I believe the 221 provides as much working space as many 25-footers, thanks to the design of the transom and bow. On centerline, you can walk aft all the way to the engine since there's no splashboard or enclosed transom. This certainly makes working a fish around the stem much easier. In addition, a sizable live well in the port aft comer keeps baits near enough at hand so you may not even need to move your feet to re-rig.
Forward, you'll find a unique flip-up seat on centerline, bridging the gap between the two bow seats. This arrangement allows you to stand right up against the forward bulwark when chasing a fish. The seat, when folded up, rises above the branwale to just below your waist, making a great leaning post for fighting fish from the bow. I'd suggest a fastener of some sort to keel) it folded when you aren't leaning against it. At other times, you can fold it clown to make a casting platform.
Under-gunwale rod storage comes up a tad short with space for only two rigs on each side. However, room for four in the leaning post, four ira the optional T-top and two ingunwale offers storage for a total of 14 rods, and any serious angler can certainly come up with more storage possibilities.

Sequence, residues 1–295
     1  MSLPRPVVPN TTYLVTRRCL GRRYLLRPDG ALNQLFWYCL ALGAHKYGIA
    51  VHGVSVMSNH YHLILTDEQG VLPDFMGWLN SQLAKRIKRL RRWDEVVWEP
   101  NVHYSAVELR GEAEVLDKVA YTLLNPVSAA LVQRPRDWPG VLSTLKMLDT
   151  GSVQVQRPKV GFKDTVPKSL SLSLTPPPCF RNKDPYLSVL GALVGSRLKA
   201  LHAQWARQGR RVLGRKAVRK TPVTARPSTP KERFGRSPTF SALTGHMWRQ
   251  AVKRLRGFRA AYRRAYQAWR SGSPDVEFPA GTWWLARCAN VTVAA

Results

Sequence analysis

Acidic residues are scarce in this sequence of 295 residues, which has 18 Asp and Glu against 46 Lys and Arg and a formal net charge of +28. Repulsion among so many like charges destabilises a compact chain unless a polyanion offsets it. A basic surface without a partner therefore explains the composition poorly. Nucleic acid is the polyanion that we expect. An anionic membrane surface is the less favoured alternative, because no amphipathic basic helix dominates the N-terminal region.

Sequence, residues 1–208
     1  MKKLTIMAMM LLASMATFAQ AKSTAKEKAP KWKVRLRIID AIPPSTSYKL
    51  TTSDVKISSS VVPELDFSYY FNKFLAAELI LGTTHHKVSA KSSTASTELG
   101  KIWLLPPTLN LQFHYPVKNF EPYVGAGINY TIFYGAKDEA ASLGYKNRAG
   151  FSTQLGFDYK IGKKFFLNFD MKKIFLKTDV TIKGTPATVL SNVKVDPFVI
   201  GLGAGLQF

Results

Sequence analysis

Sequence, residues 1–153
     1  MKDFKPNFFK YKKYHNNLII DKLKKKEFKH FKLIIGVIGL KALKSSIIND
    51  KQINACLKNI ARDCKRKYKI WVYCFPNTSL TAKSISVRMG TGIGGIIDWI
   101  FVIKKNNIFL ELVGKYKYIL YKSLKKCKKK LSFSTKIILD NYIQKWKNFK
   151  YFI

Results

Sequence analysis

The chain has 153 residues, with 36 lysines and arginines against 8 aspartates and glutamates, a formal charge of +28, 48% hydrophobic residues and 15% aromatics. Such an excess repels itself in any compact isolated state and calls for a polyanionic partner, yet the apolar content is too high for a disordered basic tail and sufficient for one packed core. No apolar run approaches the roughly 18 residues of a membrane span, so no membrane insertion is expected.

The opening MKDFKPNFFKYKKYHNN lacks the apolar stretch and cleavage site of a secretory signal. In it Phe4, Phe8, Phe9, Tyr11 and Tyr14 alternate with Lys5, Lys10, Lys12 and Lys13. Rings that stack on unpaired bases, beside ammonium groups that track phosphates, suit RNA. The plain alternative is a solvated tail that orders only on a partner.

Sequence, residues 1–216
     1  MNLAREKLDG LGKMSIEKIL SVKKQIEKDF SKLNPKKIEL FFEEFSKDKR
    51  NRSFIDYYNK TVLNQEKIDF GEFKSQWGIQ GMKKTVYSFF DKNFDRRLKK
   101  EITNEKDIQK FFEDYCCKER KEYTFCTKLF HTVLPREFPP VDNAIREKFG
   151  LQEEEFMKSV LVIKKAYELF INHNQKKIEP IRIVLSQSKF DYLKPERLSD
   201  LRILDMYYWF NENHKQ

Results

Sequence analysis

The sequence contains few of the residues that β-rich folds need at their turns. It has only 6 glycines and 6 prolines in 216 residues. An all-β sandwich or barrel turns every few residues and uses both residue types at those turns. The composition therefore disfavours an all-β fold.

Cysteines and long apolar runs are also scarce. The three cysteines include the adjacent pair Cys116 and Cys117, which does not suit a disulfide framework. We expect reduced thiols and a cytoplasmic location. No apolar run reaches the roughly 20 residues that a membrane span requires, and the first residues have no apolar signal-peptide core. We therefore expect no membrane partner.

Generally, people like me (6 feet 4 inches and well over 200 pounds) find boats under 26 feet a mite uncomfortable due to limitations of scale. The Mako 221 was an exception. Even though the steering wheel didn't tilt, I found the helm ergonomics very comfortable, providing plenty of room between wheel and helmsman. At the same time, there's no sense of the leaning post taking up valuable cockpit space.
The Mako 221 also offers a surprising amount of d~' storage space inside the console arid forward seats. A very shallow Lucite glove box on the console might handle some small flush-mounted electronics but will probably end up as a catch-all. I'd like to see a bit more toe space under the console. And for safety's sake, I really hope Mako puts a grab rail on the helm console.
Mako's reputation has withstood some tough times. Some years ago, Mako was considered the benchmark by which all offshore outboard fishing boats were measured. Mako can be proud that the quality of its hand-laid fiberglass construction, polyester resins and excellent gel-coats -- along with an exceptional stringer system and hull-to-deck joint - has been brought back to its heyday level.